How to Buy Replacement Windows

New windows can really improve the look of an older home while also improving energy efficiency.

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Consider which windows you want to replace. Do you want to replace them all or just certain ones?

Prepare a preliminary budget. How much you can afford to spend will determine how many windows you can actually replace based on different window materials, designs and features.

Consider what you want your new windows to do. Are they to be an architectural design feature or merely provide functionality? Decide whether you would like the windows to open and close, and how they should operate. Don't forget that windows also provide security.

Factor in the time of year. In all probability, the project will take at least several days, during which time your home may be somewhat exposed to the elements.

Contact several replacement-window vendors and installers for quotes.

Discuss the various window types that the vendors offer and the merits and costs of each: wood frames, wood that is vinyl-clad or wood that is aluminum-clad. Vinyl- and aluminum-clad windows do not require painting, so they are low-maintenance. However, vinyl clad windows are not always available in a wide range of colors, so don't assume you can get a particular shade.

Discuss the energy-efficiency options (such as standard insulated glass and low-e glass) offered by the vendors. Consider low-e window coating (a window coating that reduces heat loss through the glass while at the same time allowing heat from the sun to penetrate) or gas-filled windows (argon or krypton inserted between double glazing which reduces heat loss). Work the additional cost of these features into the context of the estimated savings on your heating and cooling bills. Do the expected savings justify the extra cost? Aluminum and vinyl window frames may be less expensive than wood-clad vinyl or aluminum, but they won't provide the same insulating capabilities.

Ask the vendor/installers for references and check them: Were past customers happy with the work done? Was the work completed in a timely manner? Have they had any problems since the installation? Did the contractor leave the site in a clean and undamaged condition? Check with the Better Business Bureau to see if there have been any complaints lodged against them.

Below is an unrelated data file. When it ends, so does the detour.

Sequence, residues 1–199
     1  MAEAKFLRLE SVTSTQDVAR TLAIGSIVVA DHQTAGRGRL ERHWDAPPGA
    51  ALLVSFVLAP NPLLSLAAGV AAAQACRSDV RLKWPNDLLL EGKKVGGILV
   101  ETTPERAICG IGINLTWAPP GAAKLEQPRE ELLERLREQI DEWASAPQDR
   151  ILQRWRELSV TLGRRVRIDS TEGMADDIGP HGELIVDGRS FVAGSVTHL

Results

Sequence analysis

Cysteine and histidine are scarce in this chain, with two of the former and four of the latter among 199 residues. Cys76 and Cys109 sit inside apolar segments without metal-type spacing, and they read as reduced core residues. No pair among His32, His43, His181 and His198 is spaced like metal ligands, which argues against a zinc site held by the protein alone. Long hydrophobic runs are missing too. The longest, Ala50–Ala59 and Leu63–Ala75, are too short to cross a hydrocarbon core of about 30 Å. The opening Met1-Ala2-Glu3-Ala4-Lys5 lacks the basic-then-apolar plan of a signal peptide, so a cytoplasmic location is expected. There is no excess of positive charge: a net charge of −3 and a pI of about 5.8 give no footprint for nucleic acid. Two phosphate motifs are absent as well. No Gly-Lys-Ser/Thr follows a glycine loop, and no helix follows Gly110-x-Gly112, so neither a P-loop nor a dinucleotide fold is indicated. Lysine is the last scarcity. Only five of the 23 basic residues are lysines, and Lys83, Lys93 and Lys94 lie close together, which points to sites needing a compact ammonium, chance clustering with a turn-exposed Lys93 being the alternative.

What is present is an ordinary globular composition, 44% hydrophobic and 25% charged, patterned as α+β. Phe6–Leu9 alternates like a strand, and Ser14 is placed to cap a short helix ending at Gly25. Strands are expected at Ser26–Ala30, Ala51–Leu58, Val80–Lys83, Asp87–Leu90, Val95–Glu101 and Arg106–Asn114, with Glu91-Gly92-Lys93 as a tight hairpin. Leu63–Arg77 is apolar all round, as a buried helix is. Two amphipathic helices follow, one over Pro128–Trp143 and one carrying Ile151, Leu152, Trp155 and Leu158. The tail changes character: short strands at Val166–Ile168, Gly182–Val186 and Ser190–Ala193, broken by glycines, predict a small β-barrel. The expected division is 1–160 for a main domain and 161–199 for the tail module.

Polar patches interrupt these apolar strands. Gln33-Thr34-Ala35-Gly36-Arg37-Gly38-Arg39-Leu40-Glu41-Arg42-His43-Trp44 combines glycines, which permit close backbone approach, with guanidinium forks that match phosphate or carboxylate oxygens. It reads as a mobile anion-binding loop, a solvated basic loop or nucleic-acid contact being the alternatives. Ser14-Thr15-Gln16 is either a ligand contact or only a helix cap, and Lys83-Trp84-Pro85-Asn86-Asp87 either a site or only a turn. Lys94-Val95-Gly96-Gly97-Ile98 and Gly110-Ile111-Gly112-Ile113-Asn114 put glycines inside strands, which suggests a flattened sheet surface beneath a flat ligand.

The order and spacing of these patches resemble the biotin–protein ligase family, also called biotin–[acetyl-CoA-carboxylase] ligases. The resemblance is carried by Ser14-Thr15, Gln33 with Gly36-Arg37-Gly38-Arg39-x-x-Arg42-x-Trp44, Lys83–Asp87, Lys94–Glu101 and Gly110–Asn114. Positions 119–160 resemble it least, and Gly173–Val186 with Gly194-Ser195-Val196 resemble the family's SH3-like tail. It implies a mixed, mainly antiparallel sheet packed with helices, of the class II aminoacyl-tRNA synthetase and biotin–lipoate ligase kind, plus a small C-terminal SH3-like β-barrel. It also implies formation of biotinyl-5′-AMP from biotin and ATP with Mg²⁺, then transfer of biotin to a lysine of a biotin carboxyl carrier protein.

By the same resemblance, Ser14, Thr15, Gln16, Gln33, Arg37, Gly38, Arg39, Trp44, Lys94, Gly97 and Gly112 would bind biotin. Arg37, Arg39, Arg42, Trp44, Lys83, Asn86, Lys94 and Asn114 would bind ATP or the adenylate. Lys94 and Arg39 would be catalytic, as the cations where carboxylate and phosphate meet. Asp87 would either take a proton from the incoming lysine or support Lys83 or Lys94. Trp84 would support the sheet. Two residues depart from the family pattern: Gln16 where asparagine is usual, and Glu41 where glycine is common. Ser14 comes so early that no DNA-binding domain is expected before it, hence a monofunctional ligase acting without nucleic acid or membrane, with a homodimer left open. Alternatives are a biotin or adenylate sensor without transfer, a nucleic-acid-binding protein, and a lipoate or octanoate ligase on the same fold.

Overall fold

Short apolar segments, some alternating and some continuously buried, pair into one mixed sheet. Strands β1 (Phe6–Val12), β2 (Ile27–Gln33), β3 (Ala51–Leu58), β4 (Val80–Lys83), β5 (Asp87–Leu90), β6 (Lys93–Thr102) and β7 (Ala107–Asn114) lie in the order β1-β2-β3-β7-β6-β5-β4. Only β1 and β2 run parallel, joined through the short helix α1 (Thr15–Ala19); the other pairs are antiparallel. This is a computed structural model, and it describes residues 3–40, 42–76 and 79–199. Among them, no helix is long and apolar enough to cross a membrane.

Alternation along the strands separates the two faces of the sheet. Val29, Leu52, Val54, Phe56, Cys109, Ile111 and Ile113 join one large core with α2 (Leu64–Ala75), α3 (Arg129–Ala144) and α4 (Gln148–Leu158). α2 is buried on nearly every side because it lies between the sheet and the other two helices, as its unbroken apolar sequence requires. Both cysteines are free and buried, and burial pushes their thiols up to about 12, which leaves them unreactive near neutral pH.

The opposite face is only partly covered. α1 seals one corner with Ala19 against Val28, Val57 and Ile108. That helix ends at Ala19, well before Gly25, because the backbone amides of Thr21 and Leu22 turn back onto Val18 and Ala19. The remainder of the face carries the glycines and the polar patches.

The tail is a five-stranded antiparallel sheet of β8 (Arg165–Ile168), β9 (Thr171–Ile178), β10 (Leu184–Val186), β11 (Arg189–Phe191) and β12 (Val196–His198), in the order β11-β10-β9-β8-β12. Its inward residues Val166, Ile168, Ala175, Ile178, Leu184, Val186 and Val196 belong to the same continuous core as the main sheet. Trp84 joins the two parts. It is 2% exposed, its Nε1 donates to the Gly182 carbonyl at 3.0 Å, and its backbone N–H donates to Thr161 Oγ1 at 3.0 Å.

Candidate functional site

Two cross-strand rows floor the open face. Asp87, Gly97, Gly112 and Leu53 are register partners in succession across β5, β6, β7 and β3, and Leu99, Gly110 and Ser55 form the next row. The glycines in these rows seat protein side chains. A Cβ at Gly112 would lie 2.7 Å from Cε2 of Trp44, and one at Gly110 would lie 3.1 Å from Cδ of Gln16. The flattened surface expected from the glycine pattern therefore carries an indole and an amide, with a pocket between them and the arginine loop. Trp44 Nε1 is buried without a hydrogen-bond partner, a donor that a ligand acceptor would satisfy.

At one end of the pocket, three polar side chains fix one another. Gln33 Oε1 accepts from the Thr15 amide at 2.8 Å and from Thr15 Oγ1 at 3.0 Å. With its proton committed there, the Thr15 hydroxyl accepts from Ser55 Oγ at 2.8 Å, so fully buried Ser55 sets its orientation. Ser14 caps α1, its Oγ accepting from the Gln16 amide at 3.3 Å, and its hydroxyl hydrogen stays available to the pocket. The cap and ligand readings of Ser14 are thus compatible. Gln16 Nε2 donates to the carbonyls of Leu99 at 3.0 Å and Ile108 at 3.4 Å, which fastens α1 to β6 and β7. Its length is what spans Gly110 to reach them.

Select a vendor/installer based upon price, window type, references and your impressions.

Make sure that the vendor/installer offers guarantee(s). Sign a contract for the work. If ordering the windows separately from a vendor, make sure that the installer has signed off on the list to verify that the windows specified are correct.

Make sure that the installer is properly insured. Get a valid certificate of insurance from the contractor before you pay any money or before the work begins.

Tips

  • The two most common types of windows are double-hung and casement. Double-hung windows have bottom and top sashes that slide up and down to open or close the window. Casement windows are typically operated with a crank and open like a door.
  • Commonly, windows consist of a single pane of glass per sash over which a wood or plastic grille is placed. Double pane or even triple pane windows will provide substantially better insulation capabilities and reduce your heating and cooling costs.
  • A true "divided lite" window has a built-in frame (instead of the grille) with separate panes of glass in each segment. True divided lite windows are typically 2 to 4 times the cost of standard windows.
  • If you are handy, you could save yourself some money in your budget by installing some of your new windows yourself.

Warning

  • Your window installer will undoubtedly insist on a substantial deposit. Always try to negotiate the smallest possible up-front payment and a schedule that matches the pace of work and material deliveries.